Security Concerns Push Back WTC Reconstruction Project

WASHINGTON -- The effort to raise a 1,776-foot Freedom Tower where the World Trade Center once stood is "losing steam," Sen. Charles Schumer told New York business leaders Tuesday.

"Let's stop twiddling our thumbs and get to work," Schumer, D-N.Y., told a Crain's business breakfast.

The senior senator also warned delays may jeopardize some $2 billion worth of federal tax incentives New York had hoped to win from Congress for the planned building of a rail link between Lower Manhattan and Kennedy Airport.

"Nearly four years after Sept. 11, we are losing steam," Schumer said, noting that the steel for the Freedom Tower has yet to be ordered.

"Unfortunately, a culture of inertia has infected downtown redevelopment and our city in general. ... Critics are given more weight than those trying to build," the senator said.

Schumer said he was not laying blame on the two leaders most involved, Gov. George Pataki and Mayor Michael Bloomberg.

The lawmaker's criticism follows a number of developments that have thrown the rebuilding timetable into question.

The Freedom Tower cornerstone was laid July 4, 2004, but police concerns raised in an assessment given to developer Larry Silverstein last month have forced the architects to rethink elements of the structure, including its precise location on the 16-acre site.

The security concerns could push the planned 2009 opening back a year.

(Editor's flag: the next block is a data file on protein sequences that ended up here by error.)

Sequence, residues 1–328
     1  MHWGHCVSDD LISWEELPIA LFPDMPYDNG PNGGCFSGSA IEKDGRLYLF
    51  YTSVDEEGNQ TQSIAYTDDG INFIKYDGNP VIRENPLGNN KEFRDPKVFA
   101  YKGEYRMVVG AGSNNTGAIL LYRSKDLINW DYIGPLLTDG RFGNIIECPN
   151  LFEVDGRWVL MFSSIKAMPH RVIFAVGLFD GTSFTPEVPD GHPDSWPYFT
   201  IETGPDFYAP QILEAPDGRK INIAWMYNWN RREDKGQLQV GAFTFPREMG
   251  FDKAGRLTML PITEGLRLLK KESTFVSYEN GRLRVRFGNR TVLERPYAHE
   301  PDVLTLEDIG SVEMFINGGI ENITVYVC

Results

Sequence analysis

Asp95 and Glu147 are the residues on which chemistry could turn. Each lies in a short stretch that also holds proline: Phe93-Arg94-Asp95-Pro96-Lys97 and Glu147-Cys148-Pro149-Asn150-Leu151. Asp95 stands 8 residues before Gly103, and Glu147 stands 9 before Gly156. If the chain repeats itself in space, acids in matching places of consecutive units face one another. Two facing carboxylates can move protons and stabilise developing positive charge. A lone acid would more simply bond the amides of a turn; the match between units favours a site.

Bloomberg said Monday it would be better to delay the opening than to dismiss security concerns.

"In 1993 there was a bombing at the World Trade Center and we did not learn our lesson," Bloomberg said. "If we don't learn our lesson this time, shame on us."

Mayoral candidate Anthony Weiner, a Queens congressman, charged Tuesday that the Bloomberg administration has been distracted by its push for a West Side stadium for the city's 2012 Olympics bid, an accusation also made by Democratic Assembly Speaker Sheldon Silver.

"It seems obvious that they took their eye off the ball with their obsession with the west side of Manhattan and the Olympics," said Weiner.

The mayor has defended the stadium project, which also would be home to New York Jets football team, as a matter of "J-O-B-S."

Also Tuesday, the governor refused to rule out invoking the seizure of property via the law of eminent domain if negotiations with Silverstein failed.

"It's clearly premature to be looking at and talking about that at this point," Pataki said. "You never rule anything out. ... We will do whatever it takes, but Larry's been a good cooperative partner and there's no reason, at this point, to believe that he won't continue to be," said Pataki.

The suggestion of using eminent domain came after the New York Times reported that Silverstein has proposed seeking public financing, possibly hundreds of millions of dollars, to address security.

Adding to the uncertainly, Lower Manhattan Development Corp. President Kevin Rampe, a close associate of Pataki who has been with the rebuilding agency since it was created in early 2002, announced Monday that he will leave at the end of the month. Rampe said his announcement was not related to the recent turmoil.

Associated Press Writer Karen Matthews in New York contributed to this report.